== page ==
September 5, 2012 by jcfarnham
Anyone engaged in writing fiction and/or advice to that end, in this modern world of ours, must have come across the idea that prose must be invisible. Or perhaps that story is king and any shred of unique sentence construction (re: style) is stuff that will pull today’s readers out of a book faster than a teenager clearing his browser history.
Well, I’m here to tell you all to write how ever you want to. You owe it to yourselves.
I’ve discussed style at length in the past but this time I want to speak specifically about the trend above and the true nature of how people react to what I call “style heavy” writing.
I consider style heavy writing to be any work of fiction (or non-fiction) that has a strong authorial voice; the kind of stuff you just know “author x” wrote. And guess what. People used to love it.
It should come as no surprise that I am a fan of Douglas Adams, writer of The Hitchhiker’s Guide To The Galaxy, Long Dark Teatime of The Soul, and many other works of comedy brilliance. I don’t think it would be too far of a logical leap to say that an editor would chew Douglas out today for writing the way he did.
Everything we are taught, he seems to do wrong. In fact, until the final books in the Hitch hiker’s series his protagonist, Arthur Dent, had very little development. Did it fail as a story then? Well, clearly not (although plenty of people will say they do fail, but thats a matter of opinion). It was a vehicle for the humour. Adams was and still is a well loved cult personality and one cannot forget his contribution to television back in the day in the form of his work on Doctor Who.
This is a matter of style. Douglas knew he was doing things differently (he never even considered himself a novelist, just a writer of radio and tv, but he tried it on anyway). But he knew what he had to do to pull off his unique brand of humour.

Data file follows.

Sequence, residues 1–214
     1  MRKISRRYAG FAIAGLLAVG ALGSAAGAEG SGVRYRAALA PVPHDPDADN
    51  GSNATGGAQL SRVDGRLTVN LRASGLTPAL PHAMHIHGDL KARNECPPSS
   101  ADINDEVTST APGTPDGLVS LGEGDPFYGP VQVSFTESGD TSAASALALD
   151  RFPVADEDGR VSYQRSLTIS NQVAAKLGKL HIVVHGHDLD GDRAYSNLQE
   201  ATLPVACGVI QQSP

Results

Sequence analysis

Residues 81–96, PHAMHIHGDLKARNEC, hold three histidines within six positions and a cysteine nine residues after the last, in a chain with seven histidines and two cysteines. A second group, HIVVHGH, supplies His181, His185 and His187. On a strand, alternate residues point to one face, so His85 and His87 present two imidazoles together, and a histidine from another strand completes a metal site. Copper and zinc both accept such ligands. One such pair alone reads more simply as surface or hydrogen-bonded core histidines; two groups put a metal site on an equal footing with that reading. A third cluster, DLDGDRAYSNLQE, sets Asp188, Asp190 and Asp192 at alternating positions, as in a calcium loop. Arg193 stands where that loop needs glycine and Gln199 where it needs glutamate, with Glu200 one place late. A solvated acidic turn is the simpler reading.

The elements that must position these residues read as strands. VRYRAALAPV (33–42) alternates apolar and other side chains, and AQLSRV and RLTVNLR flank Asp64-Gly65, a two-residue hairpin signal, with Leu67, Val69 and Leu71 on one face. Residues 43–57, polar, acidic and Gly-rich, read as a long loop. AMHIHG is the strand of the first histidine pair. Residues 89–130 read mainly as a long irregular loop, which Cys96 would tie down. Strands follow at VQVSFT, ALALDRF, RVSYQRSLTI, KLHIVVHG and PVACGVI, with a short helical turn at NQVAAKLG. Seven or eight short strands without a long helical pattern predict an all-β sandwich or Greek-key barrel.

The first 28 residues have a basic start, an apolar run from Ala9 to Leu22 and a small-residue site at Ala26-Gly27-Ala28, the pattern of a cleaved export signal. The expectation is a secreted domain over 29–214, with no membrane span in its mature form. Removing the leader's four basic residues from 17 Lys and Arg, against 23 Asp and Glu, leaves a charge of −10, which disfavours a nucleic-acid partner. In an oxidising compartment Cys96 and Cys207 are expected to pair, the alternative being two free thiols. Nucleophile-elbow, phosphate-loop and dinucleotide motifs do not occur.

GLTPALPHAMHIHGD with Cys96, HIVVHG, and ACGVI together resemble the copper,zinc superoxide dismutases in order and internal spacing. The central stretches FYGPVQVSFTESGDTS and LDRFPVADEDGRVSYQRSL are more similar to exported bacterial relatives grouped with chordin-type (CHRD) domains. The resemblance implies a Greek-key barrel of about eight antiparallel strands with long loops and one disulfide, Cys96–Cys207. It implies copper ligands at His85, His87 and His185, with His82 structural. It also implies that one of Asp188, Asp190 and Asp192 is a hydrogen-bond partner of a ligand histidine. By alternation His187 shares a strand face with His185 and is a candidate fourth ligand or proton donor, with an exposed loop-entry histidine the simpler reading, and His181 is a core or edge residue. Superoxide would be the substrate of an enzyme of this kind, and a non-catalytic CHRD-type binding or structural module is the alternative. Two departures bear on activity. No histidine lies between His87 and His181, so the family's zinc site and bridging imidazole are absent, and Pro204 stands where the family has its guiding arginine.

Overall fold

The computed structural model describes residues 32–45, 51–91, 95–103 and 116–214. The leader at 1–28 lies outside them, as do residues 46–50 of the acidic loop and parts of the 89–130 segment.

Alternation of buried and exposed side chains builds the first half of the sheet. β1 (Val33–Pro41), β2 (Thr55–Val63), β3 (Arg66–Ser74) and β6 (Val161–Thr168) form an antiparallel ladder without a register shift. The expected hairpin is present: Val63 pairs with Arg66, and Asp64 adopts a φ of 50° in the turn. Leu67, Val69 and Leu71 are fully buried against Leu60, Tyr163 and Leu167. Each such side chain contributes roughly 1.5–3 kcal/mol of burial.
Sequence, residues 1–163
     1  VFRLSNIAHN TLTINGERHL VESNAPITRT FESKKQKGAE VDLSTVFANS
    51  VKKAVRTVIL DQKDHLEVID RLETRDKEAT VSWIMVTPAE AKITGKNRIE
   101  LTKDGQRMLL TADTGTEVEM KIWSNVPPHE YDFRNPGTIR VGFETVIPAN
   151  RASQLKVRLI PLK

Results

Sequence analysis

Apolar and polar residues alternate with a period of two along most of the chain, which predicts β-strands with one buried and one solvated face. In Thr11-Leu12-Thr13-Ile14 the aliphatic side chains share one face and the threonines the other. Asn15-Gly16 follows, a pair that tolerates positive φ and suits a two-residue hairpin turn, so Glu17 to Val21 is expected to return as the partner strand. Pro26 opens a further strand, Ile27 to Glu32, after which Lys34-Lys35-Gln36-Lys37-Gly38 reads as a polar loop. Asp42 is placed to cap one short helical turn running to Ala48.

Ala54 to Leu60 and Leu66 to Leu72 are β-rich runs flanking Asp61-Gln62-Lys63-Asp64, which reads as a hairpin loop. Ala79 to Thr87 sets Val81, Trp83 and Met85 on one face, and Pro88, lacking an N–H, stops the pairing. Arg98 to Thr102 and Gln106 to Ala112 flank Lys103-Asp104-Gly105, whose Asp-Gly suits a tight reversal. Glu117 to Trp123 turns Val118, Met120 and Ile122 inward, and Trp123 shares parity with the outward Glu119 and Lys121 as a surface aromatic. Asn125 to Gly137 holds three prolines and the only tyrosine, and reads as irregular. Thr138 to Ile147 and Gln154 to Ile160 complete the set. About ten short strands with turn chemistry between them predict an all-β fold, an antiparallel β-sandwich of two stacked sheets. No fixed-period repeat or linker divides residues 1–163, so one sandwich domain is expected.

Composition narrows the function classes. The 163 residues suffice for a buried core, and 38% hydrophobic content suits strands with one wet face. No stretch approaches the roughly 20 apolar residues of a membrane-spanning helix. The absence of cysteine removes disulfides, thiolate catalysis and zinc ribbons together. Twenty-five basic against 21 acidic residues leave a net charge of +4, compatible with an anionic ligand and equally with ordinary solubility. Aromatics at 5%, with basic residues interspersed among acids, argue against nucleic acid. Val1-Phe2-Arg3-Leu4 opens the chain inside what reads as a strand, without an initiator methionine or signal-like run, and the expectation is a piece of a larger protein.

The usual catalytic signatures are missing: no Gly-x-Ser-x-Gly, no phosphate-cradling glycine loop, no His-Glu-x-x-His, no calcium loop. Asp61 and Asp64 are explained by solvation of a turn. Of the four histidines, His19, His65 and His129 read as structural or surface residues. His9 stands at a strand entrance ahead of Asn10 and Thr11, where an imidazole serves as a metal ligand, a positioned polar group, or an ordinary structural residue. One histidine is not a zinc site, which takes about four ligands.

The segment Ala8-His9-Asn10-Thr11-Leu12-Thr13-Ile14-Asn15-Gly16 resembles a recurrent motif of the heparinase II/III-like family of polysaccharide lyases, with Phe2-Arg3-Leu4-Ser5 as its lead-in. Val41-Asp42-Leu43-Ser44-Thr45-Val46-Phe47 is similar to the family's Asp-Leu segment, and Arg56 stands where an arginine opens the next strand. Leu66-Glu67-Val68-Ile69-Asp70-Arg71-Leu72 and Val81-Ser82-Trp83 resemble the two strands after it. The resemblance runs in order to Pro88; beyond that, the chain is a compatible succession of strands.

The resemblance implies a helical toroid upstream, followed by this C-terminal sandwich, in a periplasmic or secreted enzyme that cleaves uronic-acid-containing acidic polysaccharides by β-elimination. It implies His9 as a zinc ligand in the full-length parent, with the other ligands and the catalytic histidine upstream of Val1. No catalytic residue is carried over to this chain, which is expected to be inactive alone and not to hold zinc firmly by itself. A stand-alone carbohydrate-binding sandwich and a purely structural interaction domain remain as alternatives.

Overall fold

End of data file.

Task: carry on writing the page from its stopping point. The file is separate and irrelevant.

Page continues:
Run it through the filter of current editorial advice and I just know it would fall flat. It would lose that flare. (Okay perhaps it could have done with some character work, but never the less…)
There are many other examples out there in genre fiction history of authors who had exceedingly strong stylistic voices–authors who are still exceedingly famous today. I shalln’t mention any because, not only do I not want to bore you, I don’t have the time to run through all of them. There are many.
Invisible prose is a legitimate style, as is its opposite. Neither are wrong. I repeat, neither are wrong.
I personally think that writing loses something when you go back and edit into an “invisible” style. I think readers today could handle a lot more authorial voice than they are being given. I do not think people are too stupid for that kind of treatment.
However, stylistic writing is out of vogue. No matter.
Like I said at the beginning of this post. Write how you want to, not for some percieved audience. Don’t however ignore the feedback of others. Editors and publishers may well know what sells, if your goal is to get your story out there you could do a lot worse than listen to them.
An awful lot of the prose I’ve read recently could belong to almost any author picked at random from the Amazon book library (the differentiation comes from the execution of ideas and God forbid a bit of rare uniqueness. See China Mieville).
I would love to see a return to stylistic writing. I’m not talking about putting readers off, dragging them screaming out of the story for a little show and tell time. I’m talking about the kind of writing you used to see in the classics of fiction, your Adams’, your Lovecrafts’, your… [insert many other examples here]. 😉
If the prose doesn’t work, it doesn’t work, but that shouldn’t mean you need remove any and all examples of what makes you as a writer unique.